Taking the first step towards gradually reverting to its original role of undertaking counter-terror operations, the National Security Guard (NSG) has pulled out over 600 commandos from its VVIP security unit and used them for the first time during the recent Pathankot attack.
The plan has been in the making since the last over two years and the terrorist attack on the forward IAF base in Pathankot became the first operation where these black cat commandos made their assault.
According to the new blueprint being worked upon by the elite force, two teams out of the total three of the 11th Special Rangers Group (SRG), stand withdrawn from VVIP security duties and have been tasked to undertake counter-terror operations along with and in assistance of the primary strike units-- the Special Action Group (SAG).
National Security Guard (NSG) commando teams are raised under five primary units, two SAGs manned by officers and jawans from the Army and three SRGs comprising personnel from paramilitary forces.
While each of the two SAGs (51 and 52) are tasked with counter-terror, counter-hijack and hostage rescue operations, the SRGs (11, 12 and 13) were used to render logistical support to the SAGs during such operations and have been primarily deployed for guarding high-risk VVIPs for many years now.
Each SRG has three teams, with over 300 commandos each, and the estimated strength of an entire unit is about 1,000 personnel.
Officials said the Pathankot operation was the first time that the unit was inducted into a full-scale anti-terror operation and select commandos were deployed to undertake door-to-door sanitisation of numerous buildings at the Indian Air Force station that was attacked in the wee hours of January 2.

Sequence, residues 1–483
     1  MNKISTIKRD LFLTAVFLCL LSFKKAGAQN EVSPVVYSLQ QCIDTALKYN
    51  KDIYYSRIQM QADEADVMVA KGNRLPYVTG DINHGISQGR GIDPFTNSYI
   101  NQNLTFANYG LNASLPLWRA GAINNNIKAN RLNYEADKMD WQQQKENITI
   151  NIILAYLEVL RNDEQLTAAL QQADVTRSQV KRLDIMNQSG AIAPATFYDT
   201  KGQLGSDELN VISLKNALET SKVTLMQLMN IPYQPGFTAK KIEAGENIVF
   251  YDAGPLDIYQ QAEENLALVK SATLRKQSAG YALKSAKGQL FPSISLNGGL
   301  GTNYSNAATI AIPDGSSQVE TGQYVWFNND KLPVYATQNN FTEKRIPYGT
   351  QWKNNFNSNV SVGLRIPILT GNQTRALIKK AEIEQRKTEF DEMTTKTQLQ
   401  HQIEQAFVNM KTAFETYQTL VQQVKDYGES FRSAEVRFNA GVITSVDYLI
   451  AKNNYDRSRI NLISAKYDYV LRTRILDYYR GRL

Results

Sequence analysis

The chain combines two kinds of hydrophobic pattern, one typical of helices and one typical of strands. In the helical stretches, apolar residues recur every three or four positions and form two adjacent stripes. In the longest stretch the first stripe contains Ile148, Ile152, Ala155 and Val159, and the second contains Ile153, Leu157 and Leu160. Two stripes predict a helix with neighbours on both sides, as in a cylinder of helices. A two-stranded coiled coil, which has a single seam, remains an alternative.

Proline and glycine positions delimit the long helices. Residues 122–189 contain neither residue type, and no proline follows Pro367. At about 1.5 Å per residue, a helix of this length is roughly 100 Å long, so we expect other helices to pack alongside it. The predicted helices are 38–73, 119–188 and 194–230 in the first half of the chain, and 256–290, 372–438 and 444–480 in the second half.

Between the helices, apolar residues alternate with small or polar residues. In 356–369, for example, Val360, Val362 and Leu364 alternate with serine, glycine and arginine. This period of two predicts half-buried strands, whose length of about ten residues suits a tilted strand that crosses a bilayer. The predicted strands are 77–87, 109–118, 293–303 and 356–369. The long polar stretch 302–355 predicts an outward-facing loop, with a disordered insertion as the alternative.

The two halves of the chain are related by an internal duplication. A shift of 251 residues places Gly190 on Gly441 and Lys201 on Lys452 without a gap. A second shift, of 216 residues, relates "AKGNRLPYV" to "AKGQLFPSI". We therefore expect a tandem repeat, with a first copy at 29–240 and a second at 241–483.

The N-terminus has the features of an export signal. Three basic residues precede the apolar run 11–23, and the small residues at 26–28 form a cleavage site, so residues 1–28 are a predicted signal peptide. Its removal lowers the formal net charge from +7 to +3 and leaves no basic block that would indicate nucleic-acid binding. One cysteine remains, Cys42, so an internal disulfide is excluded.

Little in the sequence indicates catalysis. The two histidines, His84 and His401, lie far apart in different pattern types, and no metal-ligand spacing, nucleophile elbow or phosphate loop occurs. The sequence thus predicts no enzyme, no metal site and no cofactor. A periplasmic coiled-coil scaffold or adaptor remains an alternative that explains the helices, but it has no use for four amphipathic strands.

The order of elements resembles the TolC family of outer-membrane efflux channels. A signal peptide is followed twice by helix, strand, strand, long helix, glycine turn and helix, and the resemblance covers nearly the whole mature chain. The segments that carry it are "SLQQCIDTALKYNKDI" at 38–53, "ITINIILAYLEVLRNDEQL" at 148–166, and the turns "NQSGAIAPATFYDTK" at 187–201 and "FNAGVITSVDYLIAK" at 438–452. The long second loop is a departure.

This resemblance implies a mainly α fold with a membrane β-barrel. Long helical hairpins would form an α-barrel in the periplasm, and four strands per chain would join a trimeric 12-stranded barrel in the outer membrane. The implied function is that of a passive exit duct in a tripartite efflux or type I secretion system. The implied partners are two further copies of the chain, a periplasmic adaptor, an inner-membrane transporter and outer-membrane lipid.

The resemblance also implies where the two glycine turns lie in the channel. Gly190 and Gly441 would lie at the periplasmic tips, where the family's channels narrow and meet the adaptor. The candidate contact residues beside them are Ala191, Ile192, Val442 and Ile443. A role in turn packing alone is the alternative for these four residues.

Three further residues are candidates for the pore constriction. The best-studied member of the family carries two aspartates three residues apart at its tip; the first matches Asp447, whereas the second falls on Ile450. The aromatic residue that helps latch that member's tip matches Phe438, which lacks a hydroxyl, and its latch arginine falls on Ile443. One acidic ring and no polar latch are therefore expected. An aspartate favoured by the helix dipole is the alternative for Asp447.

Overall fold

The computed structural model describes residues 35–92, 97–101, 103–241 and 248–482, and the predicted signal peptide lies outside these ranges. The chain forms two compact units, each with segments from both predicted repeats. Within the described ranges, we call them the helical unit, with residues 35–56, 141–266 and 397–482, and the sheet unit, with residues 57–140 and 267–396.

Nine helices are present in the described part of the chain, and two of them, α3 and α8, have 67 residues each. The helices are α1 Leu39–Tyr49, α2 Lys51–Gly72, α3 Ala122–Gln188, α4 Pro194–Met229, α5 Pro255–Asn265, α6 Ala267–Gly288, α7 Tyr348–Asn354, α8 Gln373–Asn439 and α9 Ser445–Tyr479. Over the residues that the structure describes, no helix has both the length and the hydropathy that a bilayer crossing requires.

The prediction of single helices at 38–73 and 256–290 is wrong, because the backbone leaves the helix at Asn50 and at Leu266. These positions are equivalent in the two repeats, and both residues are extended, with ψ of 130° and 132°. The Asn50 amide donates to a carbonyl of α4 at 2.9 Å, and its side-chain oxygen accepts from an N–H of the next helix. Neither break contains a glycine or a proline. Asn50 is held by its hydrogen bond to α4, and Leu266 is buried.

NSG commanders said the force, which was raised in 1984 for exclusive counter-terror operations but later entrusted with VVIP security duties, has the least number of 15 such protectees under its cover and, after its request to not burden it further in this regard, the government has not given it any additional responsibility in this domain for over two years now.
While one team of the 11th SRG and two units (12 and 13) are still tasked with the security of high-risk dignitaries, commanders of the special federal contingency force foresee a time when even these units will be gradually pulled out of VVIP protection duties.
“Not in the very near future but NSG is on it way to go back to its original charter of being a specialist counter-terror and an exclusive commando force. The last team of the said SRG will also be pulled out sooner than later and prepared for terrorist combat roles,” they said.
They said the results of the first experiment at Pathankot have been satisfactory even as these units have been subjected to rigours undertaken by the strike units comprising personnel drawn from the army, with each of its commandos undertaking precision firing, unarmed combat and special tactics course every day of the year.
The plan was mooted in 2012 when NSG commanders, keeping in mind the evolving terrorist attacks scenario across the globe, visualised an event where simultaneous assaults could be launched by them at multiple centres in the country and hence a good number of combat-ready commandos will have to be rushed in different directions.
While the 2008 Mumbai terror attack involved about 400 commandos over a period of three days, over 300 NSG men were deployed for the Pathankot operation that was officially called off in five days.
In what has come as a help, the government has also not given any additional duty in the VVIP security domain and assigned that task to central paramilitary forces like CRPF, CISF and ITBP.
The force’s charter states that the primary role of NSG is “to combat terrorism in whatever form it may assume in areas where activity of terrorists assumes serious proportions and the state police and other central police forces cannot cope up with the situation.
“The NSG is a force specially equipped and trained to deal with specific situations and is therefore to be used only in exceptional situations. The force is not designed to undertake the functions of state police forces or other paramilitary forces of the Union of India,” it says.
The force is modelled on the pattern of foreign special forces like SAS of the UK and GSG-9 of Germany but has now included the best practises of a few other such elite forces over the years.